Nonprofit Boards Connected byValues, Guided by Principles
“A nonprofit board is looking after the governance of the organization and safeguarding its mission. As a board member, I feel this responsibility even more keenly as it is even more critical in difficult economic times and where headlines are creating doubts in the minds of donors and stakeholders.” - Lucy E. Marcus, Professor of Leadership and Governance at IE Business School O rganizations often develop a list of core values as a critical basis for strategic planning. These core values, written or unwritten, frequently become a vague memory as the organization moves into implementation of the strategy.We create the values, feel good about them, and then put them away to ignore because we are too busy. Conflict then arises when well-intentioned people get into disagreement while moving into implementation. Core values, are essential in identifying and attracting like- minded people to a common cause, but you also need guiding principles. Psychiatrist Murray Bowen developed eight concepts of leadership based on leaders’ differentiation of self within a group emotional system and understanding self by understanding their family of origin. Bowen Family Systems emphasizes guiding principles as a fundamental part of this. Organizations, like individuals, are created differently and are led by unique and individualized guiding principles informed and supported by core values. When working with nonprofit boards, I often discover that board members have lost track of the organization’s core values and have never defined how they will make decisions on behalf of the organization. After conducting an exercise to review and revise their core values, the group discovers that working through conflict has a pathway.
individual needs or desires. Consensus is a resource to move disagreement from conflict into creative engagement. This model is counterintuitive because we have been taught that defining core values is the norm. Moving into a new pattern of thinking means establishing a new architecture of engagement first. I mentioned consensus, which is commonly misunderstood as compromise, as a form of creative problem solving in setting goals. I regard consensus as win/win and compromise as lose/lose. In compromise, everyone gives up something in order to reach agreement. Consensus is using divided opinions, that might create a division in a vote and in the board, to formulate a better decision for the benefit of the organization; the theory of having an uneven number of board members to break a tie vote actually creates more conflict. Consensus is a decision reached through group process and backed by relationship. Core values are an essential element in board alignment and a critical step in qualifying potential board members. If personal and organizational values do not align, that person is not a good fit for the organization’s board and most likely not fit for any position of leadership in which decisions will impact the values of the organization. Use a small effort in paying a small upfront cost, rather than paying a higher cost in unraveling destructive conflict later. Hugh Ballou, SynerVision Leadership Foundation’s Founder and President, is the Transformational Leadership Strategist TM and Corporate Culture Architect working with visionary CEOs, pastors, and nonprofit leaders and their teams to develop a purpose driven high performance collaboration culture that significantly increases productivity, profits, and job satisfaction.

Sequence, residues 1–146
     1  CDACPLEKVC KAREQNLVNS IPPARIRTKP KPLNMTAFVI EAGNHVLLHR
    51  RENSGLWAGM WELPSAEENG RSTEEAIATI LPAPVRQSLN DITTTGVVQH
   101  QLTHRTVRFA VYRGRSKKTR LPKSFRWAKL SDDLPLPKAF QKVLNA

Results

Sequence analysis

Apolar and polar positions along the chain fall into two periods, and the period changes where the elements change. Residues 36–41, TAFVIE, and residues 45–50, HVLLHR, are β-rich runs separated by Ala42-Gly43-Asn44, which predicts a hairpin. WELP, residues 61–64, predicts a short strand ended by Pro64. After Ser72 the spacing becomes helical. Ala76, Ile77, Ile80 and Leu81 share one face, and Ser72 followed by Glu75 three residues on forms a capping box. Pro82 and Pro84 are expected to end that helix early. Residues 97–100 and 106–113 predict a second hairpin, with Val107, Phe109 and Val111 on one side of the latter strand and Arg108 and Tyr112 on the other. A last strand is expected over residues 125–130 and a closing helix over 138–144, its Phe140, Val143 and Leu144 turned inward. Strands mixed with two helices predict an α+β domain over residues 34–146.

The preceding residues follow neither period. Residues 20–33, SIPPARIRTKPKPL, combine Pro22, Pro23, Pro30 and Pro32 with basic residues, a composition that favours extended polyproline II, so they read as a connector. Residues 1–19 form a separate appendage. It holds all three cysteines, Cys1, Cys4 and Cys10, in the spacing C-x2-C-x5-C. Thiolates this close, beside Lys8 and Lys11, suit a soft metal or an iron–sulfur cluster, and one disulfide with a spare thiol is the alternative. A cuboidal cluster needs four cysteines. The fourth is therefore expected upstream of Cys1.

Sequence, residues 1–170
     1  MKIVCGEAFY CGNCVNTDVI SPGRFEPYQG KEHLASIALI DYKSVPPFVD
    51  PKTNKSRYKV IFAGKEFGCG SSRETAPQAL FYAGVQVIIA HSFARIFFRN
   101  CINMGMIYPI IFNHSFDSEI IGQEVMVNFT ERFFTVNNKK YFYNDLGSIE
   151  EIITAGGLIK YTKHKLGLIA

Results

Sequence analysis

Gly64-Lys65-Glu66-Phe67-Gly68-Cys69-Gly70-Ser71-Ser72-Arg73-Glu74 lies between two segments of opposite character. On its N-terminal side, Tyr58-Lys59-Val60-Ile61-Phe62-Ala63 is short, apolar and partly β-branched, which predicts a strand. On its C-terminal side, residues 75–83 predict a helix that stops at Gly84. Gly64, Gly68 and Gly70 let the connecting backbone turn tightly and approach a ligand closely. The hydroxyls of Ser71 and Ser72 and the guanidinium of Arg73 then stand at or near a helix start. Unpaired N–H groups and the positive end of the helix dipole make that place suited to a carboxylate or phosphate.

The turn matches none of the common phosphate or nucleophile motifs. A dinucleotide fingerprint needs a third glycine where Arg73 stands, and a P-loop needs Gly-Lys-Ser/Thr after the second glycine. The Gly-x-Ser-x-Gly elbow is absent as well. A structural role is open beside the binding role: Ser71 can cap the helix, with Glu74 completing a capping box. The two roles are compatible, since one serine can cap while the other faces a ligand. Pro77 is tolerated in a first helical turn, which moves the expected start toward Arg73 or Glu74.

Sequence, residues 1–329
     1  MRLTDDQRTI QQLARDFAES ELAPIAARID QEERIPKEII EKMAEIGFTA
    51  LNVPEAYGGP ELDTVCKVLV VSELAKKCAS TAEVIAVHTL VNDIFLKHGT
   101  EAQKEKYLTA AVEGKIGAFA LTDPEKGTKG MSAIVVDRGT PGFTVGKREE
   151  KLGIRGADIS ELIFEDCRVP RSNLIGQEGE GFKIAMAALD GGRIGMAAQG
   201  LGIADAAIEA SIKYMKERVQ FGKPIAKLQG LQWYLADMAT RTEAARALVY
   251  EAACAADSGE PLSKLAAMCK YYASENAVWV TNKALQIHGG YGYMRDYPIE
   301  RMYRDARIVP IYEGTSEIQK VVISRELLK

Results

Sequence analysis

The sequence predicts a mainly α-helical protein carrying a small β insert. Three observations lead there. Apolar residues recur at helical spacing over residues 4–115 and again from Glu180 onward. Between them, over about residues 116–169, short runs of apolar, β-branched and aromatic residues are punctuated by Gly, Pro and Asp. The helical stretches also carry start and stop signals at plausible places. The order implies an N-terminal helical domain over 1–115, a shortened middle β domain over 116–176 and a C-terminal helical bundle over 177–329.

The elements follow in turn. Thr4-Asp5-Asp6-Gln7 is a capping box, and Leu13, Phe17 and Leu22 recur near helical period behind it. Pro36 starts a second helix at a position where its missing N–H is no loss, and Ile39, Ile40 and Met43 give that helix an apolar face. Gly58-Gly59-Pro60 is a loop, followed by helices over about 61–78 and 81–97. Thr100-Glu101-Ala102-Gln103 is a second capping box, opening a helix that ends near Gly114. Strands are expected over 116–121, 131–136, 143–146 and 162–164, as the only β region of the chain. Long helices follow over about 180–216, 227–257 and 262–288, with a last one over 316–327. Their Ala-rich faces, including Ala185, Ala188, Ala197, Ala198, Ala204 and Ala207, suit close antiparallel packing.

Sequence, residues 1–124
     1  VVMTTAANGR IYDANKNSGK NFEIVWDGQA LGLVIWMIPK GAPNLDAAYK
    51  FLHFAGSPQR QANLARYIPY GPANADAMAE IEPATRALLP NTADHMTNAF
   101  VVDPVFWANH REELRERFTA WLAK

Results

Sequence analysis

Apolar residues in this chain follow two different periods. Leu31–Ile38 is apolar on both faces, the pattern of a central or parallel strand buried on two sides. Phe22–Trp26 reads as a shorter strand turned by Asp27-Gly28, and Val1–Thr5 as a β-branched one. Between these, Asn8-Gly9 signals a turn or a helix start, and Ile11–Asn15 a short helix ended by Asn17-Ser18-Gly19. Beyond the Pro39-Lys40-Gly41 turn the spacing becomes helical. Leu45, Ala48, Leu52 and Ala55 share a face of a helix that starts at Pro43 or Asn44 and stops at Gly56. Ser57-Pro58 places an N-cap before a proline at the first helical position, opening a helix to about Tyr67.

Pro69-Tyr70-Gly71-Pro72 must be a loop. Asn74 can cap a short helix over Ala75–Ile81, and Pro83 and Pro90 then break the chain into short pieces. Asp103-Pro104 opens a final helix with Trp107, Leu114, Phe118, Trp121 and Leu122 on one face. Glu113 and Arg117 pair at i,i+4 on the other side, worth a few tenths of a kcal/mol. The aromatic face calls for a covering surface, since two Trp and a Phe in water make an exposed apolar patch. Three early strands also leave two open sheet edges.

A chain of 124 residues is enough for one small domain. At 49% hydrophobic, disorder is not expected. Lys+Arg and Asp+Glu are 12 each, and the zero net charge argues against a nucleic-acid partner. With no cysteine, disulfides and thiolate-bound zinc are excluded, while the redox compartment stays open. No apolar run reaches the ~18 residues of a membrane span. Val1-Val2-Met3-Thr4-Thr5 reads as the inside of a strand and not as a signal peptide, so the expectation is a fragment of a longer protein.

In my experience, core values are static and guiding principles are active. Here’s a list of typical Core Values : • Quality • Excellence in Service • Integrity • Value • Creativity In contrast, here’s a list of GuidingPrinciples constructed from those same core values to guide consistency in decisions: • We will develop and maintain the highest standard of quality in our culture, services, and processes with a regular scheduled process for evaluation, revision, and recommitment to those standards. • Our services and products are created and delivered with the highest standard of excellence possible – no exceptions, no compromise. • We will not accept money from any source that intends to compromise our standards of excellence. • Integrity is reflected throughour leadership decisions, personal interactions, respect for all persons, and personal conduct within and outside the organization. • We demonstrate value in our management of funds, use of time, commitment to deadlines, and respect of individuals over their use and donations. • Creativity rules when seeking the best choices that benefit the organization over